Seminaries in the System: The Effects of Prison Seminaries on Recidivism, Inmate Violence, and Costs   [open pdf - 905KB]

From the Thesis Abstract: "Rehabilitation is one of the main goals of the correctional system, with numerous and varied programs being implemented for centuries. The United States spends millions on rehabilitation programs, yet recidivism rates, prison violence, and correctional costs continue to rise. This thesis explores how prison seminaries are addressing these issues and in the process, changing inmates' attitudes and behaviors. Examining Angola, the first prison seminary that became a model for many subsequent prison seminaries, including interviews with inmates and prison staff, reveals how inmates' attitudes and behaviors changed as a result of their seminary. Similar programs that follow Angola's model were also reviewed to determine if there was a reduction in acts of violence and a change in inmates' prosocial behaviors as a result of the programs. This thesis analyzed quantitative evidence in the form of prison statistics and inmate conduct records to determine if prison seminaries lower rates of recidivism as well as inmate violence. Legal case studies were used to evaluate the constitutionality of prison seminaries. Finally, this thesis identified reasons why prison seminaries are changing the overall culture of prisons, including individual identity transformations, the activities of inmate ministers, and participation in religious activities. The findings reveal prison seminaries are reducing both recidivism rates and inmate violence, which reduces the overall costs of incarceration."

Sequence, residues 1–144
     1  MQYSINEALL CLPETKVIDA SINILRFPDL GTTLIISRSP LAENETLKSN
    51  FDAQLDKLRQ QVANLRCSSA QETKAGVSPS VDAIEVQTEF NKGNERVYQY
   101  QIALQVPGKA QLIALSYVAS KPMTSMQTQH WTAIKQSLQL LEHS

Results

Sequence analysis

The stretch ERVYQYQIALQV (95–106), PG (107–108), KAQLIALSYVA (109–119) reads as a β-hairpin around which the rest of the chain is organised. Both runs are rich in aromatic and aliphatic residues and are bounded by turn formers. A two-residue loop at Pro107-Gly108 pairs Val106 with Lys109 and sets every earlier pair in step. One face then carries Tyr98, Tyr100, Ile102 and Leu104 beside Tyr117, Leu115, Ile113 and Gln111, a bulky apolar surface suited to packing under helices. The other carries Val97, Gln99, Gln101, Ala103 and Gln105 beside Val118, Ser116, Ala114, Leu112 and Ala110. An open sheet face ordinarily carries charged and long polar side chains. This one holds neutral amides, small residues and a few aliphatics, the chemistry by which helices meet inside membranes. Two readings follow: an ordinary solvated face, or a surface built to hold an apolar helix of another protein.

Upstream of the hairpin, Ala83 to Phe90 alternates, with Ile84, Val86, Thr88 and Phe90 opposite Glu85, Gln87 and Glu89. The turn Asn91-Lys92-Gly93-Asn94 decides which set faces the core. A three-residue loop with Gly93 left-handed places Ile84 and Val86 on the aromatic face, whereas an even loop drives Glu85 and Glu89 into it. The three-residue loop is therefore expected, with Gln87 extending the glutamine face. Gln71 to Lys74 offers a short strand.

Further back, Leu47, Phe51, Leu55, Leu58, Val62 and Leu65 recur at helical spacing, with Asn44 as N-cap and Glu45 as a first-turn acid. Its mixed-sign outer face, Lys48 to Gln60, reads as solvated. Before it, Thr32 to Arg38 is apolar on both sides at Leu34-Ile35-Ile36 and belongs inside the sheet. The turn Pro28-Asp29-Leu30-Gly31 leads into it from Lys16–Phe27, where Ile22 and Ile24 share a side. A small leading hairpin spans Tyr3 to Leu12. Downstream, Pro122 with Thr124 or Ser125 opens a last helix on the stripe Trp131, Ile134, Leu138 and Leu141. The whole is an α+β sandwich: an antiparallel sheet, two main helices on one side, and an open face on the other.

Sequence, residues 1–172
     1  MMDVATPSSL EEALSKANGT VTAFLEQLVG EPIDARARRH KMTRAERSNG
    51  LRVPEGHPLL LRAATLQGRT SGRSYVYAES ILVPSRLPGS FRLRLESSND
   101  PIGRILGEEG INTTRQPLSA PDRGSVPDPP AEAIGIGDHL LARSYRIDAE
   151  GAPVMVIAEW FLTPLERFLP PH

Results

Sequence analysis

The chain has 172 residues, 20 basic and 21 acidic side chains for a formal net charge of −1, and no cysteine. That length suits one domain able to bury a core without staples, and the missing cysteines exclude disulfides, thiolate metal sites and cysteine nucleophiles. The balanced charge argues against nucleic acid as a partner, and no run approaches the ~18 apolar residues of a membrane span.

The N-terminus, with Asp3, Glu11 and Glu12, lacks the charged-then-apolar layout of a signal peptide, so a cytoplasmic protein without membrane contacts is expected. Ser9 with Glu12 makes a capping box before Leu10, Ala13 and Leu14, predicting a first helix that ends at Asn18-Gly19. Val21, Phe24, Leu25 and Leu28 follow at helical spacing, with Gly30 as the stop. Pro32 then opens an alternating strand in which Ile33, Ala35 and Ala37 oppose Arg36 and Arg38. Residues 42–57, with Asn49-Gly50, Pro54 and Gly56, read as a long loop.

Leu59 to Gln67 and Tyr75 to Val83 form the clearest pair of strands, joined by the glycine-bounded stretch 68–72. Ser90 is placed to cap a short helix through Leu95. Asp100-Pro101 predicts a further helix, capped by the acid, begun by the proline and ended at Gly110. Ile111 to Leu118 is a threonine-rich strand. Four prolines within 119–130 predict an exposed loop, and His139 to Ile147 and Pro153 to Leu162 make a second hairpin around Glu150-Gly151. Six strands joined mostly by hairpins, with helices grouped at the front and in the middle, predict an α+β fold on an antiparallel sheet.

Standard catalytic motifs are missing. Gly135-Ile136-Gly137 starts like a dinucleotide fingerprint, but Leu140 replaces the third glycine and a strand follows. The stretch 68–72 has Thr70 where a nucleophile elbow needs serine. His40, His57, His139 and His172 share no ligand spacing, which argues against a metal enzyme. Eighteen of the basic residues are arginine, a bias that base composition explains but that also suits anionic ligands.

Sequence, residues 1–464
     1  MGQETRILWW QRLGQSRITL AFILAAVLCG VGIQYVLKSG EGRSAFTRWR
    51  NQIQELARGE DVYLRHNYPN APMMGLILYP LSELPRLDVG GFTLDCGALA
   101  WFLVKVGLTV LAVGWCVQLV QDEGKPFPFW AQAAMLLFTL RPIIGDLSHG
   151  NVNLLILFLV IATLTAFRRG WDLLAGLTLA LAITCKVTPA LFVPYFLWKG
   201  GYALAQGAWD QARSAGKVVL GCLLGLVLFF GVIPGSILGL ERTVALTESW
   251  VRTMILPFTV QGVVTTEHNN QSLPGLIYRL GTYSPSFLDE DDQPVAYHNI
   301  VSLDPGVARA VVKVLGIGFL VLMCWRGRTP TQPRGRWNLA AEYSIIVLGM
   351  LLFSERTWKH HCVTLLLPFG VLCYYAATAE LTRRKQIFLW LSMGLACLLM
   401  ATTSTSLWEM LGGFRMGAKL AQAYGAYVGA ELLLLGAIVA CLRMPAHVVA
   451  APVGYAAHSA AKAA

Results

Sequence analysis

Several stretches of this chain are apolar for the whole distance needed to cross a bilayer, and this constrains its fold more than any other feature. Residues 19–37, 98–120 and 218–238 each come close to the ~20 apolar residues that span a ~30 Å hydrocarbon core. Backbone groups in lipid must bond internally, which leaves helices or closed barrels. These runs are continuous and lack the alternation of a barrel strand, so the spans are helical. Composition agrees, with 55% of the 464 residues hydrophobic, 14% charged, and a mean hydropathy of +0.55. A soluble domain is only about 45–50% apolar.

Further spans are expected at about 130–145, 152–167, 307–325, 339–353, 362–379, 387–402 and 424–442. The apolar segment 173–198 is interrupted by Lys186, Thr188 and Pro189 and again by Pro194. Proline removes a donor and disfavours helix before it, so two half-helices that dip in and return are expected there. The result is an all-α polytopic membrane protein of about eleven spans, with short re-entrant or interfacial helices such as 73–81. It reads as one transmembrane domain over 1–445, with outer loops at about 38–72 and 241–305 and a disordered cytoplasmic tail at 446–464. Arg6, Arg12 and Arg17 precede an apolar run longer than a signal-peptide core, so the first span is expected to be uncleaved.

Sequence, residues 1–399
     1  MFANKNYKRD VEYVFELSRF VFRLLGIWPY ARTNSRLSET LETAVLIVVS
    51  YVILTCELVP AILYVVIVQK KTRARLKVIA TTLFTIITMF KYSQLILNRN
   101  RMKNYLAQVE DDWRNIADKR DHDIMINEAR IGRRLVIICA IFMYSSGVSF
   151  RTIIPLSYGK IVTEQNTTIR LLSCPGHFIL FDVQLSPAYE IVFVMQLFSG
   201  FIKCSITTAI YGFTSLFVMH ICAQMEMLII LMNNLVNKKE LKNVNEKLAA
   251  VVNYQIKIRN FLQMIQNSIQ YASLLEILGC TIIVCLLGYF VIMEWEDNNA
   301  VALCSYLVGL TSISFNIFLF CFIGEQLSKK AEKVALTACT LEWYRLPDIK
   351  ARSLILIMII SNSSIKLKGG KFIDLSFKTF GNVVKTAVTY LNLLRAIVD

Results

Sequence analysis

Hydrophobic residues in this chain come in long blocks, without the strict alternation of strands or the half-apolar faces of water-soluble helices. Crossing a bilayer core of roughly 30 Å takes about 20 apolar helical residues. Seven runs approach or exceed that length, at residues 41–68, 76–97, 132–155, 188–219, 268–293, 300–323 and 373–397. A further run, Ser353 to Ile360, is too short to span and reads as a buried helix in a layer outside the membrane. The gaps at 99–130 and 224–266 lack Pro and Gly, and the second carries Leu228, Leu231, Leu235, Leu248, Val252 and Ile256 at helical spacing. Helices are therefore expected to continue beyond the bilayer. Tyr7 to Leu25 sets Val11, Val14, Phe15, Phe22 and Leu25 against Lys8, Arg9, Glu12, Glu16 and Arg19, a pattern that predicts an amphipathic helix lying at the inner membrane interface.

Public Domain
Retrieved From:
Naval Postgraduate School, Dudley Knox Library: https://calhoun.nps.edu/
Media Type:
Cohort NCR1803/1804
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